email us movie listings personals Out on the Town



Ingham proposal: Tax levy for juvenile detention plan

By Daniel Sturm

Ingham County voters will cast ballots on a 0.6-million dollar tax levy that, if passed, would fund juvenile detention efforts. The proposal is set to raise property taxes for the next five years and would finance 48 additional low-security beds for juveniles sentenced by the Family Court of Justice. Ingham County’s high-security facility has 24 beds and is reported chronically overcrowded.


For the purpose of funding an increase to Ingham County’s capacity to detain and house juveniles who are delinquent or disturbed, and to operate new and existing programs for the treatment of such juveniles, shall the constitutional limitation upon the total amount of taxes which may be assessed in one (1) year upon all property within the County of Ingham, Michigan, be increased by 60/100 (.60) of one mill, $.60 per thousand dollars of state taxable valuation, for a period of five years (2002- 2006) inclusive. If approved and levied in full, this millage will raise an estimated $3,720,396 for juvenile housing and programs during the first calendar year of the levy based on taxable value.


The Ingham County Board of Commissioner’s Chairman Mark Grebner says that the tax would also be used to create additional county foster care housing. Anna Macielinski, Manager of the Children Services Division in the Family Independence Agency (FIA), stated that increased costs were due primarily to a dramatic influx of children entering family foster care. Projects such as Angel House, a 12-bed shelter and assessment center for abused children, would benefit from the proposed juvenile millage. Angel House will cost up to $500,000 per year, and will serve between 500 and 1,000 children each year once doors for the new facility open in the spring of 2003.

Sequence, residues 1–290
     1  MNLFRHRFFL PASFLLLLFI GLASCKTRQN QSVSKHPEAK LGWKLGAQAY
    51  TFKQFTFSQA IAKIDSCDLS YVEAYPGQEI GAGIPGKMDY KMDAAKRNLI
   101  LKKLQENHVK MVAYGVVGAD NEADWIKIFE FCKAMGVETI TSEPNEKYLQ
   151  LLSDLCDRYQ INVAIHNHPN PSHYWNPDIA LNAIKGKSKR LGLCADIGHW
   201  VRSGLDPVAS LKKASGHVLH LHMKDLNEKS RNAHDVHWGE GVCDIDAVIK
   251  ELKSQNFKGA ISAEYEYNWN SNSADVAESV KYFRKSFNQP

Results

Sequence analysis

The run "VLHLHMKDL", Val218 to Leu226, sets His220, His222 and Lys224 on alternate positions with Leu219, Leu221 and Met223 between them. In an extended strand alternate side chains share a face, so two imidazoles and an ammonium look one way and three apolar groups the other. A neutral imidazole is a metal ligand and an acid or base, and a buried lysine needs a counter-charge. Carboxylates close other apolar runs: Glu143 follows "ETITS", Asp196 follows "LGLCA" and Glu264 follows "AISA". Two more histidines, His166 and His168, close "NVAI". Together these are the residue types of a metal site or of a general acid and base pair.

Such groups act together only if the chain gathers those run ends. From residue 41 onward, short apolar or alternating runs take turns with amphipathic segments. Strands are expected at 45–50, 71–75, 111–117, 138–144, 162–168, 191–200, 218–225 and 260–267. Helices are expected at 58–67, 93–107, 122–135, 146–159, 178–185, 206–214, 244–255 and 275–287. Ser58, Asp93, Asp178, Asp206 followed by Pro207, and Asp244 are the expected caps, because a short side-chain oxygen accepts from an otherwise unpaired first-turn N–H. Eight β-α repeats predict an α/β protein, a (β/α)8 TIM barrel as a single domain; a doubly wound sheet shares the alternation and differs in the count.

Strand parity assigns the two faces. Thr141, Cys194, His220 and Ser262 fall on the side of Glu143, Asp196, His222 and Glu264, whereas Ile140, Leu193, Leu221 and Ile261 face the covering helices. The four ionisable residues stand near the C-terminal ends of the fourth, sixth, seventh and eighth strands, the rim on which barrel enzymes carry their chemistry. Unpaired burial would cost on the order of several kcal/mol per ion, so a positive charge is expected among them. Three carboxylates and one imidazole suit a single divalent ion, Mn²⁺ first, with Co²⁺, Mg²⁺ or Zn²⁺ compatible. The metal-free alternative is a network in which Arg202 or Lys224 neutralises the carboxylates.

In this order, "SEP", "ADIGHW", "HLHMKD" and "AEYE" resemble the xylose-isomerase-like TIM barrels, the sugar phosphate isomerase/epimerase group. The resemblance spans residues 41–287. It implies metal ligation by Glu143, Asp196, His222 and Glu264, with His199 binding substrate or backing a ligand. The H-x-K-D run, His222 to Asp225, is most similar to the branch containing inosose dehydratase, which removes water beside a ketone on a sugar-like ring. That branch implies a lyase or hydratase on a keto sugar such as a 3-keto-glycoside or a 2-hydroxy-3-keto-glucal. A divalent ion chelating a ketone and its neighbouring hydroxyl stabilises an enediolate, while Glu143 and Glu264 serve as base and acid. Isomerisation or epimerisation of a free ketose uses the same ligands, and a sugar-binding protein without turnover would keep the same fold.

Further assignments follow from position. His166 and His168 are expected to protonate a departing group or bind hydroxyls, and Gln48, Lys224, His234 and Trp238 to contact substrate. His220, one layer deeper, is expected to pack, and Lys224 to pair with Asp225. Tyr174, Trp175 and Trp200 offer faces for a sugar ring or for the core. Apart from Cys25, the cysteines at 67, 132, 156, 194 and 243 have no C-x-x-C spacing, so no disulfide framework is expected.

Critics of programs such as Angel House say that children will be removed from their current homes and placed in the FIA system for irrational reasons. They argue that only extreme cases should be referred to the agency’s programs.

If approved and levied in full, the new property tax will raise an estimated $3,720,396 for juvenile housing and program in its first year. County commissioners have said they will offset part of the new millage with a 0.1-mill reduction from the general fund. That would mean an actual property tax increase of 0.5 mills, or about $25 on a $100,000 home with a taxable value of $50,000.

Care to respond? Send letters to View our Letters policy.





©Copyright City Pulse